For nearly a century, Kowloon Walled City stood out as a rare modern example of an ungoverned territory. When Great Britain took Hong Kong from the Chinese, they left a Chinese enclave in Kowloon, near Hong Kong island. As the 20th century unfolded, consecutive Chinese governments neglected the governance of the enclave, the British refused to get involved, and it took on a life of its own.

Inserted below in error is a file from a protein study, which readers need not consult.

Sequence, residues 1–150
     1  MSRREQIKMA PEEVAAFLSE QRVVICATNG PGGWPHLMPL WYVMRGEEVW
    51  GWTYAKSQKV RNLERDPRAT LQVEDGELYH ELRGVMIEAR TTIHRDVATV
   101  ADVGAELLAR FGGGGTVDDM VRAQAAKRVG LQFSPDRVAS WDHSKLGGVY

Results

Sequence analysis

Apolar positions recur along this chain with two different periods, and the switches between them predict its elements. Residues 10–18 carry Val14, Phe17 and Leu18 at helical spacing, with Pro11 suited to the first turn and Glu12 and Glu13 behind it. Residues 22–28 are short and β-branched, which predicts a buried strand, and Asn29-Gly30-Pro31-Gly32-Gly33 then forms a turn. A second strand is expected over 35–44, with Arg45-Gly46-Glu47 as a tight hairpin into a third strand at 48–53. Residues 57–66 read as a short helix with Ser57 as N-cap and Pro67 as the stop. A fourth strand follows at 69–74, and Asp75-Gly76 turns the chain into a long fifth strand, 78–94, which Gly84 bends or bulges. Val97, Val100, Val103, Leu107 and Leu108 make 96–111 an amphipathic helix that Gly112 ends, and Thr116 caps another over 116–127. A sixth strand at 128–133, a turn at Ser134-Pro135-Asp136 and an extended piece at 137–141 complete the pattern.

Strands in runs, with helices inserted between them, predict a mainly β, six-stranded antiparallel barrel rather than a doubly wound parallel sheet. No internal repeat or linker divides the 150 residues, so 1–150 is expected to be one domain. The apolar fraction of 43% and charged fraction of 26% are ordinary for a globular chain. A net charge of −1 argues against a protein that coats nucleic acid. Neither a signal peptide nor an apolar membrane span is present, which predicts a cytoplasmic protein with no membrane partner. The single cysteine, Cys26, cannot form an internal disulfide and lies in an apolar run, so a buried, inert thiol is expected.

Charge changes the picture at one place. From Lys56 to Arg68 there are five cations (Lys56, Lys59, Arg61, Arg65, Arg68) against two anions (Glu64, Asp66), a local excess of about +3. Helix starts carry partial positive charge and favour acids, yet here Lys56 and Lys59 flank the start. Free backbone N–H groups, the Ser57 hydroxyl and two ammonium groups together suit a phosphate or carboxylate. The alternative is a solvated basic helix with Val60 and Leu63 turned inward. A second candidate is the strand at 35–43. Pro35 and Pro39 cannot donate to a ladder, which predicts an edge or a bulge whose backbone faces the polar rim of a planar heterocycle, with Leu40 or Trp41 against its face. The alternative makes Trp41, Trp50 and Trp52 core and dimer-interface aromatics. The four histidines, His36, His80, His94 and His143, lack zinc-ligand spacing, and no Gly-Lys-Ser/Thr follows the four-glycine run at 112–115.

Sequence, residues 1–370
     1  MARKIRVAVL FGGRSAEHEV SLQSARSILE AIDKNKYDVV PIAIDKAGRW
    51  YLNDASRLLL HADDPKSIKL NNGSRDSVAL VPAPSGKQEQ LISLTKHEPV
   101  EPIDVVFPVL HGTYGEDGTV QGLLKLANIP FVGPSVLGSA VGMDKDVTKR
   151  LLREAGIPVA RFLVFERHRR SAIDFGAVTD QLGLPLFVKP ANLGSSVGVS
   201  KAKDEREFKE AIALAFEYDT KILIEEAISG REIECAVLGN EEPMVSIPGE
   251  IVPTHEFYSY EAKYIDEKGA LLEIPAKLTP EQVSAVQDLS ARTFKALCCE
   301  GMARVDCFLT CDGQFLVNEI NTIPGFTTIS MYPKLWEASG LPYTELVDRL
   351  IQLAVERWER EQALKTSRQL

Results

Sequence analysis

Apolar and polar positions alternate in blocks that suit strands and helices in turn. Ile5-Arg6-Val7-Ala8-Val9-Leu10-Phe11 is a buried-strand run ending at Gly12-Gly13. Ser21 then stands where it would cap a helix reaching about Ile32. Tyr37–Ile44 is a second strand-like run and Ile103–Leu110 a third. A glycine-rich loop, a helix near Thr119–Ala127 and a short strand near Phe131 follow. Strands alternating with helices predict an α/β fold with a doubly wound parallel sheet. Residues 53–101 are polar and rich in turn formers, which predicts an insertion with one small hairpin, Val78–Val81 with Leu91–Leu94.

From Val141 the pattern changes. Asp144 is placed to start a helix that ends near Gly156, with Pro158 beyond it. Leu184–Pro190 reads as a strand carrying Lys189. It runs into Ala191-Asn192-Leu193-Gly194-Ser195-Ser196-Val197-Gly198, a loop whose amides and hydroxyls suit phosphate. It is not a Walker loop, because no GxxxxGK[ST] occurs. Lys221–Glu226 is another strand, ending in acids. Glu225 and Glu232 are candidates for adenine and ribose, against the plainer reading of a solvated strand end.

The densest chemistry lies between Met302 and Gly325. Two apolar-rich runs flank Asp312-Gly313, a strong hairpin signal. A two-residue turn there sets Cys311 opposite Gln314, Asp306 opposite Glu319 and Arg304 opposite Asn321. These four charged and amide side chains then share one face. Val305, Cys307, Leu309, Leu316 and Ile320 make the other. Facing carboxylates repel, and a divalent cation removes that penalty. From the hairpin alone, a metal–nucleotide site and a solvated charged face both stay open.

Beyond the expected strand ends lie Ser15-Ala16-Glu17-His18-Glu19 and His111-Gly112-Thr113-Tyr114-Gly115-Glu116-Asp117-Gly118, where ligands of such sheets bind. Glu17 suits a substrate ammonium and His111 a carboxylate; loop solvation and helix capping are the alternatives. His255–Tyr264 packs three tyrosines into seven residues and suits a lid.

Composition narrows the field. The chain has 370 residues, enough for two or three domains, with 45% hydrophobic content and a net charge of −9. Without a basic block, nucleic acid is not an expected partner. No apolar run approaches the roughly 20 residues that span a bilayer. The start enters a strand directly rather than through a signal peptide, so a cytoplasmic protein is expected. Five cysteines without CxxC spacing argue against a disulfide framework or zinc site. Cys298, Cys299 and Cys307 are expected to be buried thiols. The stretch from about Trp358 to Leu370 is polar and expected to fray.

By the 1980s, nearly 50,000 people lived in 300 illegally built structures connected together by an interconnecting maze of passageways and staircases. Drugs and prostitution were common in the walled city, and people from nearby neighborhoods would come to visit cheap unlicensed doctors and dentists. Residents cooked and baked goods that they sold to vendors outside the enclave.